Hey folks! While we're wrapping up the development of Prime Infrastructure 3.5 and preparing it for release, I thought I'd update you with some of the changes that we're bringing to the Prime Infrastructure API in 3.5.
Removal of DevNet Integration
Previously, in the 3.2 release of Prime Infrastructure, we added a feature that integrated the discussions on our DevNet community forum into the documentation. See our blog post about it for more details. When the merger of the old communities platform and the Cisco support forums was announced, we knew that we would need to revisit this feature. Unfortunately, as we looked into it, we discovered that the approach that we used on the old platform would not work on our new, merged, platform. After discussing with folks that manage this in Cisco, and a brief conversation with the vendor, we decided that the best course of action would be to remove this feature from the documentation. With that one bit of bad news out of the way, let's turn our attention to the good news.
Access Point Rx Neighbors
We've heard from a lot of you that one of the API features that you've been looking for is the ability to fetch Rx neighbors via the API. I'm pleased to let you know that we've implemented such an API resource in Prime Infrastructure 3.5. The new API resource, GET op/apService/rxNeighbors, takes in one access point ID (the ID Prime assigns, which you can get from GET data/AccessPoints) and returns a list of neighbors. Included in that response list is the slot ID and MAC address of the interface that discovered the neighbor; the MAC address of the neighbor; the ID, slot ID, name, service domain, and IP address of the neighbor if known; the neighbor's channel and channel bandwidth, radio band, and RSSI. While Prime Infrastructure has supported fetching this information via the UI for quite some time, it does not persist this information in it's internal database. For this reason, please be aware that querying this resource will result in Prime Infrastructure reaching out to your network to fetch live data.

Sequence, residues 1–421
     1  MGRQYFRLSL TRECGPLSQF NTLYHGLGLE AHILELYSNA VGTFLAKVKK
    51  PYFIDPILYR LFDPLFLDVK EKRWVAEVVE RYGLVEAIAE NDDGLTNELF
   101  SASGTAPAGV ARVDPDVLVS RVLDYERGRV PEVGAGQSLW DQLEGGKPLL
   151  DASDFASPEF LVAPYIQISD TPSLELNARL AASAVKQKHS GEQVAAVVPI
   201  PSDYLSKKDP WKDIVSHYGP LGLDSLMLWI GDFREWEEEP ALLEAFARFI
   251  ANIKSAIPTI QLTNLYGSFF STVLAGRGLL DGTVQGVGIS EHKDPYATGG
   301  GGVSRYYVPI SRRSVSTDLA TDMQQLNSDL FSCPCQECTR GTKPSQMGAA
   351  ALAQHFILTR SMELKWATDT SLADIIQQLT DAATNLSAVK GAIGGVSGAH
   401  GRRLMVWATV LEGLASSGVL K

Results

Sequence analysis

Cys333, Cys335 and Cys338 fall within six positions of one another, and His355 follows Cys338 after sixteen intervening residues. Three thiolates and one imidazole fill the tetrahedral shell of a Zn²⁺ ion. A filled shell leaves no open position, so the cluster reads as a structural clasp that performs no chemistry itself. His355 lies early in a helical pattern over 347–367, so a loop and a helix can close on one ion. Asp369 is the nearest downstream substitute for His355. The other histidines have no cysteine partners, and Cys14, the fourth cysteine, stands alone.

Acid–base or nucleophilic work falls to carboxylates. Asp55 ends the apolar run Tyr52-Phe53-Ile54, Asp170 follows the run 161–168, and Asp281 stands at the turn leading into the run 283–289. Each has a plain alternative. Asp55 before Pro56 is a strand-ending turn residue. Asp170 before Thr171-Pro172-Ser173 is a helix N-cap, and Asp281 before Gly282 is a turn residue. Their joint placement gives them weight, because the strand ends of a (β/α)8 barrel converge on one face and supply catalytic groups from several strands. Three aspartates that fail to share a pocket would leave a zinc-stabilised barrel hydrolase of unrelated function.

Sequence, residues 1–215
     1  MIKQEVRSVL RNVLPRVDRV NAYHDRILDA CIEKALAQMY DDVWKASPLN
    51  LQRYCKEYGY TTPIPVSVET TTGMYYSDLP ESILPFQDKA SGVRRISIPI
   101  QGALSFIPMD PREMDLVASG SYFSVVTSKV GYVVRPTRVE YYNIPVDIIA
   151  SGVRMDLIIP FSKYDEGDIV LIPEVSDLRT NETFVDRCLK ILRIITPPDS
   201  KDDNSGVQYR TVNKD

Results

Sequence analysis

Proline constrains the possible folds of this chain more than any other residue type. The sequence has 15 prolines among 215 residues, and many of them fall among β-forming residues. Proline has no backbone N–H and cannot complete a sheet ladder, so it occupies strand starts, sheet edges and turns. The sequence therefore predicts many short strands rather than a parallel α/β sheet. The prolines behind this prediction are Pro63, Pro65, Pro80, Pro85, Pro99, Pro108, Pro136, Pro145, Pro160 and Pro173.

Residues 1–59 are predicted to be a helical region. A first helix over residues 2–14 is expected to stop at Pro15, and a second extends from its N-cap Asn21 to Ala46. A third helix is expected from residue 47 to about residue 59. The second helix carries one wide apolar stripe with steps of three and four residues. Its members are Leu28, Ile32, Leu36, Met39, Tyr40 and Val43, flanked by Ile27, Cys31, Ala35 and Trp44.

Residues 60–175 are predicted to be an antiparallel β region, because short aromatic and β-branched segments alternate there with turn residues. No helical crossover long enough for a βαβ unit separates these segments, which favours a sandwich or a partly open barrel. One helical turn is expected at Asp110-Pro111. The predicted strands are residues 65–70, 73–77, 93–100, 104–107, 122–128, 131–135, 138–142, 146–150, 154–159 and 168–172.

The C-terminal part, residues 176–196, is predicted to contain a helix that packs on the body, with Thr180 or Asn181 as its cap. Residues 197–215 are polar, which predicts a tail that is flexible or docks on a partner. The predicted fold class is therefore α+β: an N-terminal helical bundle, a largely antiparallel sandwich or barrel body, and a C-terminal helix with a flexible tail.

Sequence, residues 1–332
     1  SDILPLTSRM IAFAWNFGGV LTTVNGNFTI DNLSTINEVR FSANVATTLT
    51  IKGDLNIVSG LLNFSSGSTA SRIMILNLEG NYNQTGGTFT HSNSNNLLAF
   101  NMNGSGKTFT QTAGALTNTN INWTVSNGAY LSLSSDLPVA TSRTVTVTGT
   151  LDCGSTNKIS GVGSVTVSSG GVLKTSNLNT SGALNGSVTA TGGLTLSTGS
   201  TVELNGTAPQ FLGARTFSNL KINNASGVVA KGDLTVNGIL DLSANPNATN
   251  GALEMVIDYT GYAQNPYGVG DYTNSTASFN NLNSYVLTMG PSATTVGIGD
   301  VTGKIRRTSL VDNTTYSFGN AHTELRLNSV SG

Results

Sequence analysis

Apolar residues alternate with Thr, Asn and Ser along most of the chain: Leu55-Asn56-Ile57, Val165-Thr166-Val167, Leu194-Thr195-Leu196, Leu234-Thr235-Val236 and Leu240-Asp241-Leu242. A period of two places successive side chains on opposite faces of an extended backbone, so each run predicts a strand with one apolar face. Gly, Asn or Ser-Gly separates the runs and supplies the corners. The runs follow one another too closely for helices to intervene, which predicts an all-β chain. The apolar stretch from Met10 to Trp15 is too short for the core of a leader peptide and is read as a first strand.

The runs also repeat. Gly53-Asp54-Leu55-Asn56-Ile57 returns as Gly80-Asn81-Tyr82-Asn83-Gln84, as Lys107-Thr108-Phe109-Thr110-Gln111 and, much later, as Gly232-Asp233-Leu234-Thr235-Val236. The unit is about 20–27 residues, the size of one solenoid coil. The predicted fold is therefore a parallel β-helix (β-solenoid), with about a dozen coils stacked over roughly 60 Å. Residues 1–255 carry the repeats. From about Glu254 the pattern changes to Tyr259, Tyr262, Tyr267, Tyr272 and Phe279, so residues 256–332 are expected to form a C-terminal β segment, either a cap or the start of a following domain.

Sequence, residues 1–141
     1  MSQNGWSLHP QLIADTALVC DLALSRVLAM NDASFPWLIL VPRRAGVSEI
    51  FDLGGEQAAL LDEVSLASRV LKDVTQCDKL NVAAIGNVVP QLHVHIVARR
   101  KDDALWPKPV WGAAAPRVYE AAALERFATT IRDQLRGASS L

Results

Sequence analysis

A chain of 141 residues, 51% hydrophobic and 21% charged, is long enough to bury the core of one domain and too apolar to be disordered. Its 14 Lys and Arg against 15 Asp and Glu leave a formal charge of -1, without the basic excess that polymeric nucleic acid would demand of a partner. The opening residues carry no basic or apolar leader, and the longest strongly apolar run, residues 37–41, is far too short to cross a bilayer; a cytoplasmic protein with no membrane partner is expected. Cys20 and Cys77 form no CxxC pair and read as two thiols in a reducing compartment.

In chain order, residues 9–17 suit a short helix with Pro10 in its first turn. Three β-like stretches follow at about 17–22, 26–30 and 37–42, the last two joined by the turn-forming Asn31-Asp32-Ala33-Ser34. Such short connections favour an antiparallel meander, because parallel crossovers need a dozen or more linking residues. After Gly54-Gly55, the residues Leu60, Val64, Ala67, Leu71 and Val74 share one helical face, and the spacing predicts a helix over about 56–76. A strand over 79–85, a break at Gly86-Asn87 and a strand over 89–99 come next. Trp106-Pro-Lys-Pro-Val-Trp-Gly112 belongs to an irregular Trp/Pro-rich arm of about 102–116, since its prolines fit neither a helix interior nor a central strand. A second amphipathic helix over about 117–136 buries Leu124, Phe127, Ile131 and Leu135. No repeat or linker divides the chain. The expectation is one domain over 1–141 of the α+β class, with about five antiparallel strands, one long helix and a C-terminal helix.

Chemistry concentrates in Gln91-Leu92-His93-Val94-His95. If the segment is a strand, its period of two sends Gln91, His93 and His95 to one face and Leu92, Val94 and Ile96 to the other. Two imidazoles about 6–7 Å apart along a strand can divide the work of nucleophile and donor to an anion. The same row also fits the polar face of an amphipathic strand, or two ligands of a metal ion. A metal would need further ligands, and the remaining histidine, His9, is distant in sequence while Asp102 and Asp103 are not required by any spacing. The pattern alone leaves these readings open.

Event Streams via W3C Server-Sent Events
Another big ask from many of our API users has been the ability to get events and updates as soon as they happen, without having to regularly poll API resources over and over again. So, in essence, as soon as something happens, you've wanted Prime Infrastructure to notify you. We've been working on this for quite some time. We wanted to ensure that we picked the right approach that would integrate well into our existing API framework and Prime Infrastructure as a whole.
The technology that we've settled on is W3C server-sent events (SSE). SSE allows us to send you events, as soon as Prime Infrastructure is aware of them. SSE works by having your client initiate a long running HTTPS connection to Prime Infrastructure. This connection allows for asynchronous, one-way communication from Prime Infrastructure to you. Over SSE, we can push out events as they happen.
There are multiple open-source SSE libraries and clients out there to help accelerate your adoption of this new feature, so you can focus on your specific use cases and business needs.
We will be releasing SSE resources for generic alarms, rogue AP alarms, and CLI templates in Prime Infrastructure 3.5. We're also planning on broadly expanding this new feature with plenty more SSE resources in the next major release of Prime Infrastructure, but I can't share any details on that just yet. However, please let us know in the comments which SSE resources you'd like to see.
Stay Tuned for More!
I know some of you interested in our new SSE feature would probably like more details. I'll be putting up another post next week that walks through some of the specifics of our SSE implementation. I'll demonstrate how you can use one of the open-source libraries to quickly write up a Prime Infrastructure SSE client, and show how it works in detail.
If you have any questions regarding this please leave a comment, and I'll either get back to you as a reply or give you an answer in my upcoming blog post!
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